The financial assistance program receives applications from families who can't afford to provide their children with cochlear implants, clinic visits, speech therapy sessions or hearing devices. Using a three-page application, families can apply for a grant from the program. Recipients are chosen based on their income and the number of people living in their household. Most of the families make less than $40,000 to $50,000 a year. If approved, the program pays for the portion not covered by insurance.

"For these families, all of a sudden you have a baby and they say, 'They're deaf or hard of hearing, and you have to pay $6,000 to $8,000,'" Brown said. "This program helps with those families who are above Medicaid or other sources, who that wouldn't be a comfortable situation for."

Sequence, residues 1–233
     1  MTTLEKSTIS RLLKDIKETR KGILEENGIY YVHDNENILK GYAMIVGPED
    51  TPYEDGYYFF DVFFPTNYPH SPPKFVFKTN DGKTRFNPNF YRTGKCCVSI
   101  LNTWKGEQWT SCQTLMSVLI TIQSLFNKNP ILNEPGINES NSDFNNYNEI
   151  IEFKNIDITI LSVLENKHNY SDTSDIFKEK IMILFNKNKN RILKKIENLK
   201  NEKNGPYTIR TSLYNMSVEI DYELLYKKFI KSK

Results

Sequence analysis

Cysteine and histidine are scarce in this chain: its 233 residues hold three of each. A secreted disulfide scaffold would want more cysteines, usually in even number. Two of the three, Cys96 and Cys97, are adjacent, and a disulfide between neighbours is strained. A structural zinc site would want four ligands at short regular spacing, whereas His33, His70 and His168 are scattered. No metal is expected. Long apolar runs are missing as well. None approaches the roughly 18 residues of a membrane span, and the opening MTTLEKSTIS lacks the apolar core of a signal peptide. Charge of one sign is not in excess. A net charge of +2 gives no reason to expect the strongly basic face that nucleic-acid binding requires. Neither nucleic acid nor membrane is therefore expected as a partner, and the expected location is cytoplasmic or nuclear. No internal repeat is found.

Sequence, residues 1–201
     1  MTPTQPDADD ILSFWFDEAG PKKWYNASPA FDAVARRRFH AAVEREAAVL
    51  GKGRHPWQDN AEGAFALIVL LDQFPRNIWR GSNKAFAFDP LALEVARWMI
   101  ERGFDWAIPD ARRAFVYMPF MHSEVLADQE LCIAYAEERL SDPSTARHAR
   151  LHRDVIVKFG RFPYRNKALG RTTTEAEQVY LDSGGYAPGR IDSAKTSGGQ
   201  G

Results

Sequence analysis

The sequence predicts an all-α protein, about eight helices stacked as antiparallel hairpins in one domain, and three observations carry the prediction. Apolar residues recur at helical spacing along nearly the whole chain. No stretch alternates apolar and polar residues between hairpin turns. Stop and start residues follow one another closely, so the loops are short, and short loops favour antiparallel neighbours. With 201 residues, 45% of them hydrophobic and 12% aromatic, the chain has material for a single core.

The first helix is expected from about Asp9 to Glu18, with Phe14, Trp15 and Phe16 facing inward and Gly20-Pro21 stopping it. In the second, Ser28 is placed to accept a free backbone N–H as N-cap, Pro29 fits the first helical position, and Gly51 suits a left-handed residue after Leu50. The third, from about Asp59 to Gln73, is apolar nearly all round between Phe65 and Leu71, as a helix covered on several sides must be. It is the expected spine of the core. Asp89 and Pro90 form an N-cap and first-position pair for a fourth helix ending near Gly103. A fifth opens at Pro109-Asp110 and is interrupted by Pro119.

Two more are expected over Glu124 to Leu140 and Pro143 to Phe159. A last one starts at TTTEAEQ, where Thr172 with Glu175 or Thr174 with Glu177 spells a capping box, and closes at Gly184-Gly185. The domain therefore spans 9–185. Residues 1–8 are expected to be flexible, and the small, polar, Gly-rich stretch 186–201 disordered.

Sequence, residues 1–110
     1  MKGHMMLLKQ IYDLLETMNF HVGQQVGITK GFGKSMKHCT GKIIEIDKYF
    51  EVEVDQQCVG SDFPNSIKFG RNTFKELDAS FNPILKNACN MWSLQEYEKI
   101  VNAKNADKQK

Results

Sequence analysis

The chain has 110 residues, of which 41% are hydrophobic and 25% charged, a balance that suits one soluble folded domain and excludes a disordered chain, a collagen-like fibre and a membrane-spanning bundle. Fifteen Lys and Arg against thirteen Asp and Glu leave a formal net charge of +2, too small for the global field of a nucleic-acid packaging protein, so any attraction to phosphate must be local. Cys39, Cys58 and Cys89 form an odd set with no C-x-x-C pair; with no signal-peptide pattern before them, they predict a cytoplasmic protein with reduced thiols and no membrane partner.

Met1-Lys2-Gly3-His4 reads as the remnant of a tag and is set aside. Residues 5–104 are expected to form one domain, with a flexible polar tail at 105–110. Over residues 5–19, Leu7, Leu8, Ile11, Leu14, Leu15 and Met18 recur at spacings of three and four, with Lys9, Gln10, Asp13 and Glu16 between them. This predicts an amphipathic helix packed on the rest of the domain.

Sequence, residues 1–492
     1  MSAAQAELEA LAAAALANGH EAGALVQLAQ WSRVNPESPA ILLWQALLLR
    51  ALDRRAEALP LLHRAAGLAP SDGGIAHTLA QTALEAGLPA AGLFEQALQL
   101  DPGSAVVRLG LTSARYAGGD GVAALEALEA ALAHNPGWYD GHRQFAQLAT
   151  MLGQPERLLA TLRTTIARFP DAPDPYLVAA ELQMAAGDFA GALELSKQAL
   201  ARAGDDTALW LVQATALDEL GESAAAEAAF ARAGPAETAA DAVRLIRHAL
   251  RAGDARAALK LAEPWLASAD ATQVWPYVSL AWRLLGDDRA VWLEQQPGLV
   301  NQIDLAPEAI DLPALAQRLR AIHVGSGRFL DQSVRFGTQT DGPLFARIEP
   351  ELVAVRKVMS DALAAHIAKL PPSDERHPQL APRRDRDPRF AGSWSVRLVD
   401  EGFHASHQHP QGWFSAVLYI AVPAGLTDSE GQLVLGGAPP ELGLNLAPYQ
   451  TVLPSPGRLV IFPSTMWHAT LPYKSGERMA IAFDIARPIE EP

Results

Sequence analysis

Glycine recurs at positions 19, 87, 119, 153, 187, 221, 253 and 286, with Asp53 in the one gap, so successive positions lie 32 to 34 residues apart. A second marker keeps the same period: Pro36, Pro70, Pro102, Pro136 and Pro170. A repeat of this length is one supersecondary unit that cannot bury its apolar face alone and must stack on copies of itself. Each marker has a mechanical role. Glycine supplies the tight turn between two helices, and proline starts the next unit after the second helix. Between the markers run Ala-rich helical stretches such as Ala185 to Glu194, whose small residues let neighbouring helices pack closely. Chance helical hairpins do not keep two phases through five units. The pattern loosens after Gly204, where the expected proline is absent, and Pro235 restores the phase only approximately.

CASTLE, which was created by Brown in 2001, is a model preschool and early intervention program that provides hands-on training opportunities for teachers of the deaf, students, speech pathologists and audiologists.

Seven children in two classrooms currently attend the preschool Monday through Thursday for three and a half hours a day. In addition to their activities in the classroom, each child, ages 3 to 6, goes to individual therapy sessions once a day. Most students transition into regular classes in public schools after leaving the CASTLE program.

While CASTLE is funded completely by private donations and grants, the financial assistance program and cochlear implant team are funded by the state.

"Jump, jump, up and down," sings Sindy Poole, a teacher in one of the classrooms, as 4-year-old Mylah Harris hops on a small trampoline. Mylah was doing the last exercise in an obstacle course that had the students bouncing on a ball and rolling on the floor. The whole exercise was to make the children tired and to give them a meaning behind the word "rest," a vocabulary word the group has been working on.